Adding to the good times, Judge Mike Reardon (the great Stephen Root), who was in one episode of season one, is the one stealing away Winona’s opportunities. Raylan’s co-workers are main characters, but to keep the other half of the couple busy, the series chose to use a truly fantastic actor, playing a somewhat eccentric judge. Any chance to see Root is a pleasure, and he does not disappoint here. In fact, I cannot think of anyone better to bring in. He is comic relief, but also a driving force. I hope to see Root pop back up more often.

Boyd (Walton Goggins) is added to the mix when he arrives at the courthouse, too, now serving as a security guard for Ms. Jones (Rebecca Creskoff, Hung), after having lost his job at the mine. Apparently, Ms. Jones intends to use Boyd to help her take down the Big Bads of this season, the Bennett family. This means Boyd and Jones will likely soon be in conflict with Raylan, who is keeping his own eye on the Bennetts. Please, please don’t let this ruin Raylan and Boyd’s sort-of friendship, which is my favorite relationship on Justified, showing serious growth and change constantly. But until then, Boyd gets to escort her to court. Jones asks Raylan if Boyd is trustworthy, and his answer will be a high point of the season, if not the series. It certainly is a memorable segment of this episode, attempting to vocalize Raylan’s murky feelings for the former con.

Boyd and Jones happen to be in Judge Reardon’s court, where Winona is serving as court reporter, and Raylan’s co-workers lurk just down the hall, bringing all the characters in the same vicinity. A bomb scare has the marshals protecting Reardon, and looking for his would-be killers. The twists to get every single one of the featured players into the same story would seem unrealistic and unnecessarily acrobatic in most shows. Somehow, Justified accomplishes this effortlessly, every bit falling into place completely naturally.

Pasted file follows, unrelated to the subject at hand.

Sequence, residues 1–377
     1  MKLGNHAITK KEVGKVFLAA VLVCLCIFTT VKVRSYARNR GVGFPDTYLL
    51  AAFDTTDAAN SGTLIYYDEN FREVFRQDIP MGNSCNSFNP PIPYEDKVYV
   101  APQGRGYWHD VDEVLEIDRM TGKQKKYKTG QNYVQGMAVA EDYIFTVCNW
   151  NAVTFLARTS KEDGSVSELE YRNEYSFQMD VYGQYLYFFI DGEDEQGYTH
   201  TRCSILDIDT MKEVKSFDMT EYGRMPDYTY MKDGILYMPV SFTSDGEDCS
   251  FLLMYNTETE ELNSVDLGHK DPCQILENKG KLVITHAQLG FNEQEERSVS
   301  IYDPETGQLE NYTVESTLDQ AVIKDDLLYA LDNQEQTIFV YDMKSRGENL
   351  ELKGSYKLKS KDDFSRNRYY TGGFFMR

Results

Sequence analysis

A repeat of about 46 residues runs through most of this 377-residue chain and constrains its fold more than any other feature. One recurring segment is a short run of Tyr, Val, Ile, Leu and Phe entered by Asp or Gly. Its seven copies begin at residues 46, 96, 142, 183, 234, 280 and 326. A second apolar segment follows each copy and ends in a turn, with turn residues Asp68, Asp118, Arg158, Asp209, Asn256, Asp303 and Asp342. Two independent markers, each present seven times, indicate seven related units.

There is not even the slightest urge to call anyone involved on any trickery here. Brilliant writing, backed up by amazing actors who bring to life such specific, well defined characters keep all the moving parts running smoothly. It’s why there is nothing negative to write about in this review. Everything is so top notch, that try as I might, I can’t even find one little fault to pick at. If that’s not a glowing enough recommendation to get you to tune in, I have failed as a TV reviewer.

Watch Justified Wednesday nights at 10 p.m. ET on FX.

About JeromeWetzelTV

Jerome is the creator and writer of It's All Been Done Radio Hour, a modern scripted live comedy show and podcast in the style of old-timey radio serials, and the founder of the Columbus-based entertainment network, IABDPresents. He is also the Chief Television Critic for and a long-time contributor for Blogcritics. Plus, he works fiction into his space time. Visit for more of his work.